How Banks Create Money • Reserves • The fraction of a bank’s total deposits held as reserves is the reserve ratio. • The desired reserve ratio is the ratio of reserves to deposits that banks are want to hold. Reserves are the not required, so bank are free to determine the prudent level of reserves. • Excess reserves equal actual reserves minus desired reserves.
How Banks Create Money • Desired Currency Holding • We hold money in the form of currency and bank deposits and people hold some fraction of their money as currency. • So when the total quantity of money increases, so does the quantity of currency that people want to hold. • Because desired currency holding increases when deposits increase, currency leaves the banks when loans are made and deposits increase. • This leakage of currency is called the currency drain ratio and is the ratio of currency to deposits.
How Banks Create Money • The Money Creation Process • The nine steps in the money creation process are • Banks have excess reserves. • Banks lend excess reserves. • Bank deposits increase. • The quantity of money increases. • New money is used to make payments. • Some of the new money remains on deposit. • Some of the new money is a currency drain. • Desired reserves increase because deposits have increased. • Excess reserves decrease, but remain positive. 26-28
How Banks Create Money • Figure 25.2 illustrates how the banking system creates money by making loans.
How Banks Create Money • To see how the process of money creation works, suppose that the desired reserve ratio is 10 percent and the currency drain ratio is 50 percent. • The process starts when all banks have zero excess reserves except one bank and it has excess reserves of $100,000. • Figure 25.3 in the next slide illustrates the process and keeps track of the numbers. 26-30
How Banks Create Money • The process repeats until the banks have created enough deposits to eliminate the excess reserves. • $100,000 of excess reserves creates $250,000 of money.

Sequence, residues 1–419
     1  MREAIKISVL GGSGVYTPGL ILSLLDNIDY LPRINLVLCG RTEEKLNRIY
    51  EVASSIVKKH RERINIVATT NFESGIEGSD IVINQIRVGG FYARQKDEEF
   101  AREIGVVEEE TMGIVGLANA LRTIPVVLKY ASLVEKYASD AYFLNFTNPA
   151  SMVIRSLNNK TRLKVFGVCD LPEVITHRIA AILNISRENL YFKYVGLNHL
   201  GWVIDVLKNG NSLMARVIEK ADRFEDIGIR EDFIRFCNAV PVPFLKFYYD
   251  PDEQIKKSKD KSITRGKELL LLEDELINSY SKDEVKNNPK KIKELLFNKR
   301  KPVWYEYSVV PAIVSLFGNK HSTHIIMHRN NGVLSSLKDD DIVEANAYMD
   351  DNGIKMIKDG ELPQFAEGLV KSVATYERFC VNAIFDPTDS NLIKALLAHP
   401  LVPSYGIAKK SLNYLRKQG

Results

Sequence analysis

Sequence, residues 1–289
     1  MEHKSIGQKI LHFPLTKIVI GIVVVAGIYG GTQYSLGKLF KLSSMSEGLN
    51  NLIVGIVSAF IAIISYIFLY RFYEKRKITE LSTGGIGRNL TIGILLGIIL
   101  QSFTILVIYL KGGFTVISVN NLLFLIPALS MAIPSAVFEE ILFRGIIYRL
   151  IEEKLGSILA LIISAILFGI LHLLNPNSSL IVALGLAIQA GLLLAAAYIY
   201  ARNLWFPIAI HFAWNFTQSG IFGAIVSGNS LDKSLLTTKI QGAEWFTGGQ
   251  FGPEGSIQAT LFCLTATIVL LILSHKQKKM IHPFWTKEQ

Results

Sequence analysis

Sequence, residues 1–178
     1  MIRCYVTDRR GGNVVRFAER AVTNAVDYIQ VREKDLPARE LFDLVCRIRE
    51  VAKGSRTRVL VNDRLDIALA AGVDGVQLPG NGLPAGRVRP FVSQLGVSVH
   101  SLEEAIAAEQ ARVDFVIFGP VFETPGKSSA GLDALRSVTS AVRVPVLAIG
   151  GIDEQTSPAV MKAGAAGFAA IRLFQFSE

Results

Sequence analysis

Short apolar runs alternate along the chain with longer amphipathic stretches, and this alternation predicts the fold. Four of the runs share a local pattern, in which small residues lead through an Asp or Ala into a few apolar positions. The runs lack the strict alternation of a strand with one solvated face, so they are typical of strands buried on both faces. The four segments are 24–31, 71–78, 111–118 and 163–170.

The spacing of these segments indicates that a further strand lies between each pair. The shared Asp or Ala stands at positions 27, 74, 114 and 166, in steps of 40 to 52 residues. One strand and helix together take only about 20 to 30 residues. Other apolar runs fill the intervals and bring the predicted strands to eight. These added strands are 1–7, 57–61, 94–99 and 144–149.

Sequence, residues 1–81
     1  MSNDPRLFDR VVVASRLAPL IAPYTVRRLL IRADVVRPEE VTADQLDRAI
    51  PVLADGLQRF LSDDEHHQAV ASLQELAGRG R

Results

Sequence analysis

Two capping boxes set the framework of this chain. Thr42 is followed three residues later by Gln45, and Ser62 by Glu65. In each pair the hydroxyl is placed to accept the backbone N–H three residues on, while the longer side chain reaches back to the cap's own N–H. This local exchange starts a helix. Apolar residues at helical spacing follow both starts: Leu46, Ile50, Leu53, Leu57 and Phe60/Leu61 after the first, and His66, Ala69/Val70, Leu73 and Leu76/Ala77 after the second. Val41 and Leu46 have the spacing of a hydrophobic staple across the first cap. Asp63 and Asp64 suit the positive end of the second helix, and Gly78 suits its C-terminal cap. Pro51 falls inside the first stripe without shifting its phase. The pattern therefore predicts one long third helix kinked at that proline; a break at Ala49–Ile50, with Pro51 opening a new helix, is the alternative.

How Banks Create Money • The Money Multiplier • The money multiplier is the ratio of the change in the quantity of money to the change in the monetary base. • In our example, when the monetary base increased by $100,000, the quantity of money increased by $250,000, so the money multiplier is 2.5.
How Banks Create Money • The size of the money multiplier depends on the currency drain ratio (a) and the desired reserve ration (b), so the formula: • Money = (1 + a)/(a + b) x Monetary base • In our example, a is 0.5 and b is 0.1, so • Money = (1 + 0.5)/(0.1 + 0.5) x Monetary base • Money = (1.5)/(0.6) x Monetary base • Money = 2.5 x Monetary base
The Demand for Money • How much money do people want to hold? • The Influences on Money Holding • The quantity of money that people plan to hold depends on four main factors: • The price level • The interest rate • Real GDP • Financial innovation
The Demand for Money • The Price Level • A rise in the price level increases the nominal quantity of money but doesn’t change the real quantity of money that people plan to hold. • Nominal money is the amount of money measured in dollars. • The quantity of nominal money demanded is proportional to the price level—a 10 percent rise in the price level increases the quantity of nominal money demanded by 10 percent.
The Demand for Money • The Interest Rate • The interest rate is the opportunity cost of holding wealth in the form of money rather than an interest-bearing asset. • A rise in the interest rate decreases the quantity of money that people plan to hold. • Real GDP • An increase in real GDP increases the volume of expenditure, which increases the quantity of real money that people plan to hold.
The Demand for Money • Financial Innovation • Financial innovation that lowers the cost of switching between money and interest-bearing assets decreases the quantity of money that people plan to hold. • The Demand for Money Curve • The demand for money curve is the relationship between the quantity of real money demanded (M/P) and the interest rate when all other influences on the amount of money that people wish to hold remain the same.